We applaud the inimitable sincerity and sound of the pioneering blues songstress
London born to a Kenyan family, Mara Simpson is creating a dent in this year’s soundscape with her sincere, raw songwriting talent.
Raised between the UK and New Zealand with a stint in Berlin, Mara has found herself surrounded by, and tried her hand at, a multitude of instruments (most notably the banjo and the piano), elements that have shaped her approach to making music.
Her debut album, ‘Our Good Sides’, encompasses an array of influences a less-seasoned songwriter would have a hard time meshing together. The first single off her debut album Keep Holding On (inspired by an iconic photograph taken in 1961 Berlin) reflects her soulful, thoughtful and somewhat introspective music and persona. Produced by Tim Bidwell and featuring Ben Ottewell from Gomez, Mara’s voice soars with captivating grace, in contrast to the fuzzy, blues riff that drifts through the track.
We caught up with the rising songstress on her last trip to London.
Keep Holding On is the first song you’re releasing from your debut album ‘Our Good Sides’. Could you tell us a bit about the inspiration behind it?
Keep Holding On was written in response to a photograph taken in 1961 of Freida Schulze, aged 77, trying to escape her East Berlin home to freedom in West Berlin. The West Berliners are poised, ready to catch her from her window while an East German guard is pulling at her ankle trying to yank her back into the house.
It’s a snapshot of insanity. This song is an argument against walls, against division. An argument for equality, for solidarity.
You’re Brighton-based at the moment but have spent periods in New Zealand and Berlin – how much of the album has been inspired by your different experiences in each of these places?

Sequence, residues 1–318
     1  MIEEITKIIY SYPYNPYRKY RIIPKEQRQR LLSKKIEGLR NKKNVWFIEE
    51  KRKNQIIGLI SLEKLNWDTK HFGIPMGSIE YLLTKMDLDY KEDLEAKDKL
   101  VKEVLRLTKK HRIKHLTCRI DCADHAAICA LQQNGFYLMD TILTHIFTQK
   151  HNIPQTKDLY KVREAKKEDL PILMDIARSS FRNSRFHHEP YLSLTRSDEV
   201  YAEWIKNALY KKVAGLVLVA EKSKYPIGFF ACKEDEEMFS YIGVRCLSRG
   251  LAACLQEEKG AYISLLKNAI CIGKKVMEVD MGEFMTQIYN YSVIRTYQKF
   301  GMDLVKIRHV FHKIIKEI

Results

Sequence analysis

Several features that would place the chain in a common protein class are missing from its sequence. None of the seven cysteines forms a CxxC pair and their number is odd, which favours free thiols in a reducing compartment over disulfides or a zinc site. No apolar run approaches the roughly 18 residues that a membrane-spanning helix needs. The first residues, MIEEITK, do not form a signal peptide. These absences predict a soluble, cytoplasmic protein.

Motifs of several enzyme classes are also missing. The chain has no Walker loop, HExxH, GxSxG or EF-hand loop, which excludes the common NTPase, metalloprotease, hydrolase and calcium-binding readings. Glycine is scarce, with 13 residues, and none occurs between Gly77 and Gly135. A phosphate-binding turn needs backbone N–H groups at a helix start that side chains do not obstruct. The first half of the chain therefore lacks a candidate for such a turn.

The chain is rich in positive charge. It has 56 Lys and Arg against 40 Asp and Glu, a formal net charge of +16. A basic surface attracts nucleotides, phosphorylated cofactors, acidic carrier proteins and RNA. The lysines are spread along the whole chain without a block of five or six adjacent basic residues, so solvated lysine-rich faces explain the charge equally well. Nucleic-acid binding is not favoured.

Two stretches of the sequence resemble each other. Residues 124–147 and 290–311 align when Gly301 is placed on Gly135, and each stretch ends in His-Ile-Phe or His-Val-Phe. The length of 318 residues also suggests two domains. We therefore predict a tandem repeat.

Berlin plays a big role in the album. Ghosts, The Lion and the Nomad, and Keep Holding On act as my personal responses to the city. A feeling of being displaced there but being ok with that. In the Water is about my soul-daughter in New Zealand and is inspired by her mother’s words. The rest of the album, and the way in which it was finally executed, serves as a homecoming back to the UK. The Piano at Midnight acts as the final leg of the journey at Brighton train station.
Who have you loved working with and what have you learnt from them?
Mihali Paleologou, who saw and guided me through the conception of the album. Who has always taught me, though sometimes tough, lessons in truth and what constitutes beauty. Courtney Simpson, from whom I learned more of the missing pieces in the story of who we Simpson women are. And, of course, Tim Bidwell who taught me that I can sing an album sitting on the floor with no double tracking and not to take anything too seriously.
Can you tell us a bit about your band? Who are they and how did you meet?
I didn’t know many people when I moved to Brighton but being helped by good souls, namely Jools Owen, led me to Chris Boot. Where there was Chris there was Ben Daniel.
Their talents stretch beyond just being killer instrumentalists, both are producers and composers in their own right. But I think the best thing about them is their friendship. It floors me.
What is your favourite song to perform and why?
At the moment it’s In the Water. Everyone sings, we give it some welly. Olly Knights from Turin Brakes sang on the album version. I always dedicate the whole song to Sol Cecilia (my soul-daughter) and her mother Loveday which makes me feel closer to them. It’s almost like I’ve been hanging out with them inside our hearts every time I perform it.
Who are your biggest influences in the industry at the moment, and how do you think the British music scene is doing?
Right now I’m a big fan of the new releases from Trixey Whitley, Frazey Ford, Alev Lenz, Ellie Ford, Lake Street Dive, Here We Go Magic and Field Music. As for the British music scene – I’m the eternal optimist. I have high hopes for big steps towards equality for women across the industry and fair pay to artists.
Are there any musical influences we might not expect from you?
What are you currently fascinated by and how is it feeding into your music?
Musically I would say Patrick Watson. The thumping pianos and wailing, then whispering. Non-musically I’m fascinated by The Yoga Sutras of Patanjali. The removal of bull shit.
Which album to date has had the most profound effect on you and why?
‘Exile on Main Street’ by the Rolling Stones. It pressed every button in my soul the first time I heard it and still does now.